Building back safer and stronger: A roadmap for Puerto Rico
This op-ed by IEM VP Bryan Koon appeared in The Hill on January 24, 2018.
Four months ago, Hurricane Maria brought untold devastation to the island of Puerto Rico. Countless lives were lost, communities were upended, and billions of dollars in damages were left in the storm’s wake.
From the wreckage, we have seen communities emerge and come together; strangers becoming neighbors and neighbors becoming family. The people of Puerto Rico have demonstrated incredible strength.
Unfortunately, while the resilience of the people is obvious, the infrastructure is less so. Long after Maria made landfall in Puerto Rico, the island is still being tested, with a significant number of communities still without power, safe drinking water, or reliable housing.
As former director of Florida’s Emergency Management Department I recognize the threat residents face from hurricanes. I also know that we are not powerless when it comes to lessening the burden communities can face from disasters. Today, as Puerto Rico continues its recovery it is vital that officials work together to build back the island’s infrastructure safer and stronger.
This tragic and historic hurricane season has shown that it is no longer good enough to rebuild homes, power structures, schools and hospitals back to previous standards — we must also invest in new strategies that will protect against the inevitability of future storms we know are growing in severity and frequency.
Just this month, nationally renowned experts in resiliency released a report that further bolsters the case for investing in actions that build back our infrastructure in stronger and smarter ways.
The study presents compelling evidence that investing in areas like updated building codes, elevated structures, and more realistic floodplain and zoning management policies will not only save lives — they will actually benefit taxpayers and the private sector as well. Most notably, new evidence presented demonstrates that every $1 spent on mitigation today will save $6 in disaster costs down the road — more than even previously thought.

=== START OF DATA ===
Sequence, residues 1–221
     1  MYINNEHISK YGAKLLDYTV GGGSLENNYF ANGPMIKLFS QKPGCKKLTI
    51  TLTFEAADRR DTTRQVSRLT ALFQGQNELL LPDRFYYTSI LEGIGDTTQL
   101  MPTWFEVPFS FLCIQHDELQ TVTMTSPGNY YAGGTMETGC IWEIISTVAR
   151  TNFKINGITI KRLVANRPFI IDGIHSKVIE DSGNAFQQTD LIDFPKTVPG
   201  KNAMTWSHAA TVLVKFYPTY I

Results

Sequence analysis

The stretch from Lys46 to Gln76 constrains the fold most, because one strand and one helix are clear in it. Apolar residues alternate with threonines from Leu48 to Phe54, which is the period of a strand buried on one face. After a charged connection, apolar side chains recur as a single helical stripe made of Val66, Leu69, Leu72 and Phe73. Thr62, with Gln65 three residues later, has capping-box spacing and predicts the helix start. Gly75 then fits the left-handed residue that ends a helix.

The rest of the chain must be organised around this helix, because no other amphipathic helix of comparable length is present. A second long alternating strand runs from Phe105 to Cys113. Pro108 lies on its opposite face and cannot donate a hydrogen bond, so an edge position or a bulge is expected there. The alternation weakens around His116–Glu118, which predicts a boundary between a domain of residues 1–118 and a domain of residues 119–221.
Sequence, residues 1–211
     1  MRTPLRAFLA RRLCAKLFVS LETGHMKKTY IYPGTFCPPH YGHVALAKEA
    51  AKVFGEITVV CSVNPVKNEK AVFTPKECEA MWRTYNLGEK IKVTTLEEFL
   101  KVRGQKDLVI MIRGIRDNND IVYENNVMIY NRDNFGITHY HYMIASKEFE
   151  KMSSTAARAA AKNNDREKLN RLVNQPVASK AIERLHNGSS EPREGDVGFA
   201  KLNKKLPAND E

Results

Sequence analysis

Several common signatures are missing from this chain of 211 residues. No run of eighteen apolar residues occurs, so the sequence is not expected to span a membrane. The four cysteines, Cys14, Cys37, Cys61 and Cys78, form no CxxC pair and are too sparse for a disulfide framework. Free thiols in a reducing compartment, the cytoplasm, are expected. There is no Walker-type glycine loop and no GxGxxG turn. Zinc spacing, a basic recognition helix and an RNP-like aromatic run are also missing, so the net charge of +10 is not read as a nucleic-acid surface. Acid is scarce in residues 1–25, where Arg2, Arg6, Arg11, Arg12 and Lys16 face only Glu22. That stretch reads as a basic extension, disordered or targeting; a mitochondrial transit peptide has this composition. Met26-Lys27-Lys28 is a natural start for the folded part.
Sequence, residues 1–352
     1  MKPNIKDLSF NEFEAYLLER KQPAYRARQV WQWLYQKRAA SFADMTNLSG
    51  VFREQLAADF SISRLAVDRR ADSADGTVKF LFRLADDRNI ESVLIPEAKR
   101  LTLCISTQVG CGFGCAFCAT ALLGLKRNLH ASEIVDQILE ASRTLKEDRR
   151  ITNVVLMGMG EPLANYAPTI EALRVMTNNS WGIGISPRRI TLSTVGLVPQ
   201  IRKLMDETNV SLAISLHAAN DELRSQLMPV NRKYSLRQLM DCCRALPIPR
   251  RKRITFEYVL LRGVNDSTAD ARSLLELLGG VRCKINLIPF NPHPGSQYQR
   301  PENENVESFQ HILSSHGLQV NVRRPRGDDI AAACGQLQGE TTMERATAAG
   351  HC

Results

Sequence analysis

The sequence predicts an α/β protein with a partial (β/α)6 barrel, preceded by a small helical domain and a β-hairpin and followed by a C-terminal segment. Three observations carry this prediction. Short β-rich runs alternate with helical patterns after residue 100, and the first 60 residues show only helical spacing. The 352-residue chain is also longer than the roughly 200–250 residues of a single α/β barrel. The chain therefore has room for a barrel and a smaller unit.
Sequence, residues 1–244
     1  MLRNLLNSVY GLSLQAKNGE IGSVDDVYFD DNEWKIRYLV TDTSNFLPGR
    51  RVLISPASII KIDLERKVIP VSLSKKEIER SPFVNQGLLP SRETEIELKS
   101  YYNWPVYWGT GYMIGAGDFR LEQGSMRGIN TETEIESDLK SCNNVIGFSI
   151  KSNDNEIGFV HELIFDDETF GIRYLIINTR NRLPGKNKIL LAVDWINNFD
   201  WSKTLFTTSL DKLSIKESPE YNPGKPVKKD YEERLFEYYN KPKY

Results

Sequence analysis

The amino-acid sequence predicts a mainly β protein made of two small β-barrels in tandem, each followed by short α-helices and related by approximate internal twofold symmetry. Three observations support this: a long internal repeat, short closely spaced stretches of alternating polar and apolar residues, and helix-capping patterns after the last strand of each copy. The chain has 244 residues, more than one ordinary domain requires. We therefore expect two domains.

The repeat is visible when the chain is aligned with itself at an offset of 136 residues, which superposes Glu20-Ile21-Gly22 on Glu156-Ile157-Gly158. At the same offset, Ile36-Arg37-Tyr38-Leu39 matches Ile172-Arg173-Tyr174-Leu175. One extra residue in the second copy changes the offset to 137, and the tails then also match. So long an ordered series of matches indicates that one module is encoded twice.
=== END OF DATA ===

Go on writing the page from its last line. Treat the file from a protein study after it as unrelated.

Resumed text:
For too long, resistance to expanded mitigation practices has — fairly — centered around the cost of building to higher standards. It is true that mitigation costs more up front. These higher immediate costs are often weighed against future benefits, the cost to private business, and availability of affordable housing.
What is remarkable about this new research, however, is that it demonstrates that investing in mitigation will actually help businesses and stimulate the economy now, too.
There is an untapped market for more-durable construction. From the perspective of a homeowner, a more-resilient home will be worth more — especially in areas prone to natural disaster. And mortgage lenders enjoy the benefit of having a lower risk investment.
From the perspective of a business owner, reopening more quickly after a disaster means less loss of profit, wages, and productivity. Moreover, increasing our emphasis on mitigation could add 87,000 jobs nationwide. It is vital that incentives like these be made clear to policymakers and business owners everywhere.
After all, the sooner survivors start working again and the sooner buildings are rebuilt stronger, the sooner other important areas of Puerto Rico’s economy, like its tourism sector, will thrive again.
Evidence that mitigation saves taxpayer dollars continues to grow as well. Funding the recovery from Hurricane Maria will undoubtedly reach into the hundreds of billions of dollars — funds provided by taxpayers via FEMA and other federal agencies.
The good news is that previous investments are already paying off. Between 1993-2016, federal funded mitigation grant programs saved taxpayers over $158 billion.
The recent study shows that taking simple steps, like requiring building above and beyond construction code requirements would save an additional $15 billion in one year alone. Federal officials would be wise to work with members of Congress to increase funding for vital grants that help states and territories like Puerto Rico rebuild stronger.
Most importantly, taking action to invest in mitigation now will lessen the hardships that survivors face from disasters in the future. As we have witnessed, disasters disrupt communities by disconnecting people from friends, schools, work, and familiar places. They may even cause permanent harm to one’s culture or way of life, such as the staggering numbers of Puerto Ricans evacuating to the mainland. Sometimes, the benefits of mitigation are not easy to measure but they certainly matter.
Hurricane Maria should serve as a wakeup call to every state in the nation. Now is the time for all of us the private sector, elected officials, and policymakers — to come together to prioritize a smarter recovery for Puerto Rico. Not only will building back safer and stronger now save lives, money, and grow the economy, it will help communities recover faster next time tragedy strikes. When the next storm comes, Puerto Rico can prevail, standing taller and stronger.